Biden plans to crack down on 'ghost guns' with action on Thursday
By Trevor Hunnicutt and Jeff Mason
WASHINGTON (Reuters) President Joe Biden will unveil his administration's first steps on Thursday to curb gun violence, including a plan to reduce the proliferation of "ghost weapons" after a series of mass shootings pressured him to act.
Biden will announce that the Department of Justice intends to enact a proposed rule within 30 days to reduce the proliferation of undetectable, self-assembled "ghost rifles," a White House official told reporters. The details of the rule were not immediately clear.
The department will also issue proposed rules within 60 days clarifying that devices marketed as "stabilizing struts" that effectively turn pistols into rifles are subject to the National Firearms Act, which requires firearms to be registered, the official said.
Other measures include investing in community violence prevention, the planned publication of a model "red flag" law that states can use to create their own versions, and plans for a Justice Department report on the arms trade. The red flag laws allow courts and local law enforcement agencies to remove weapons from people who are believed to be a risk to communities.
Gun control is a controversial issue in the United States that has seen significant numbers of deadly mass shootings in schools and other public places for decades. The second amendment to the US Constitution protects the right to bear arms.
The government has been working for months on gun control measures that would limit gun violence without starting a lawsuit that could result in courts quickly dismantling guidelines.
The official said Biden would continue to advocate the legislation and cited the government's planned measures as first steps on Thursday.
"The president will not wait for Congress to act before the administration takes our own steps to save lives," she said.
The recent mass shootings in Georgia and Colorado have put pressure on the White House to act independently. Legislation is unlikely to go through Congress quickly.
The top Republican in the US House of Representatives, Kevin McCarthy, criticized Biden's move.
"President Biden plans to announce his attempts to trample our constitutional 2A rights through Executive Fiat," McCarthy said in a tweet. "It is crime-friendly, but violates the rights of law-abiding citizens."
The proposal is also likely to face legal challenges. The National Rifle Association (NRA) said in a statement it would combat Biden's executive actions.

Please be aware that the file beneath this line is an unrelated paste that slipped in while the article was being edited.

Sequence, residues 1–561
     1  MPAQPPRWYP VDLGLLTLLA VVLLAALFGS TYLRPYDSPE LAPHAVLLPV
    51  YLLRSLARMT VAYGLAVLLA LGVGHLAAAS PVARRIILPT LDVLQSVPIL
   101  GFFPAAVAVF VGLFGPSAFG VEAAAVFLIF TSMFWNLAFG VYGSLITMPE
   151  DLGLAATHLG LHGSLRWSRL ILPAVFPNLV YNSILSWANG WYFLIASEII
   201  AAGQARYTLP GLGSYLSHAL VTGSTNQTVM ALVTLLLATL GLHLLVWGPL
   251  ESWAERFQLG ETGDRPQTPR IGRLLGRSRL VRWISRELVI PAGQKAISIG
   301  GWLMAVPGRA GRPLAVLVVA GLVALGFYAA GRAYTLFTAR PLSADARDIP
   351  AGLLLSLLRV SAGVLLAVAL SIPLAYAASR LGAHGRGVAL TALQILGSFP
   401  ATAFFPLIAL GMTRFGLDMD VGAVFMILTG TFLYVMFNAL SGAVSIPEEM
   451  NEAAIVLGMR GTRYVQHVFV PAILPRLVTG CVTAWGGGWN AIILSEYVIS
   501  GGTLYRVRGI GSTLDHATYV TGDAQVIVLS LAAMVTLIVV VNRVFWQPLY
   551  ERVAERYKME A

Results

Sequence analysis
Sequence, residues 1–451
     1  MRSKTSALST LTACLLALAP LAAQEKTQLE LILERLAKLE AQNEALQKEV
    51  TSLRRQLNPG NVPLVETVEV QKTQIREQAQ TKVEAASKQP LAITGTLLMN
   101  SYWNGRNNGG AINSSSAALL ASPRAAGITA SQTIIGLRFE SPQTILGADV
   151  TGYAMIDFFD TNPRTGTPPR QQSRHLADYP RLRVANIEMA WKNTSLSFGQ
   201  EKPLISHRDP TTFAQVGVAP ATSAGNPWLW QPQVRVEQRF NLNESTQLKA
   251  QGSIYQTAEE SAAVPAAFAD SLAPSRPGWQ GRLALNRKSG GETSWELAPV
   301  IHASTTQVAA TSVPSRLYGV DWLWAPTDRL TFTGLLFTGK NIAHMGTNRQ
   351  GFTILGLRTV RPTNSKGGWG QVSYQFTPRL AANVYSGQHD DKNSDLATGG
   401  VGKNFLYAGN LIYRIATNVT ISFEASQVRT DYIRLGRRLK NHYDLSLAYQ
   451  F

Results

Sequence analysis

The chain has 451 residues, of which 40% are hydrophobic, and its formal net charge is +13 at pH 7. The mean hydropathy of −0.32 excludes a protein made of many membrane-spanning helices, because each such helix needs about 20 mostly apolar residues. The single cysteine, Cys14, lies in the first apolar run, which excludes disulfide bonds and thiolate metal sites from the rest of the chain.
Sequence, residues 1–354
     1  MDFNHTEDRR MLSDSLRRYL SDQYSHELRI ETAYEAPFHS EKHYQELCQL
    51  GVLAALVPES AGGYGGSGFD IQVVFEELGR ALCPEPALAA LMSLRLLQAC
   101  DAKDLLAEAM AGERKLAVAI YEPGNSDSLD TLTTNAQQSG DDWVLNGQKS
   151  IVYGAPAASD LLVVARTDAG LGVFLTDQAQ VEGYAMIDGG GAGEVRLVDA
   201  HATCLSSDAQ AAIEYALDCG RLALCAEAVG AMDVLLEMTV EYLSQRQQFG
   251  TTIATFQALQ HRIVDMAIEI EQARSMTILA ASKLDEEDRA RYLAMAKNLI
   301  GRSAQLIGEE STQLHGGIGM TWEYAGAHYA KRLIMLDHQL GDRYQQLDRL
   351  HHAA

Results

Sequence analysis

"Biden has made it clear that his goal is to restrict the rights of law-abiding gun owners, to ignore criminals and to forego substantial measures that actually ensure the safety of Americans," said spokeswoman Amy Hunter.
It will force Americans to give up guns and states to enforce seizure orders, Hunter added.
The United States Bureau of Alcohol, Tobacco, Firearms, and Explosives (ATF) has indicated that more than 30% of the illegal weapons it has seized in some areas of California are "ghost weapons" that are not currently regulated as firearms, for which background checks are required.
Biden had chosen David Chipman, a former ATF special agent, to be the agency's director, White House spokeswoman Jen Psaki told reporters on Wednesday. Gun control activists and some of Biden's fellow Democrats in Congress had asked the White House to nominate someone for the post.
Chipman is an advisor to Giffords, a gun violence prevention organization led by former US Representative Gabrielle Giffords, who survived a mass shooting in Arizona in 2011.
The NRA said it would speak out against Chipman's nomination.
The list of initiatives to be released on Thursday omits a number of Biden's election pledges, many of which require action by Congress, including opening gun manufacturers to lawsuits for murders committed with their guns, banning offensive weapons altogether and background checks for most gun sales.
Biden had also promised other measures he could take unilaterally, such as banning the import of assault weapons, as well as proposals to reform the ATF and the federal weapons security background check system within his first 100 days in office period, which ended on April 30 ends.
(Reporting by Trevor Hunnicutt and Jeff Mason; Additional reporting by Nandita Bose; Editing by Howard Goller, Rosalba O'Brien, Peter Cooney and Karishma Singh)
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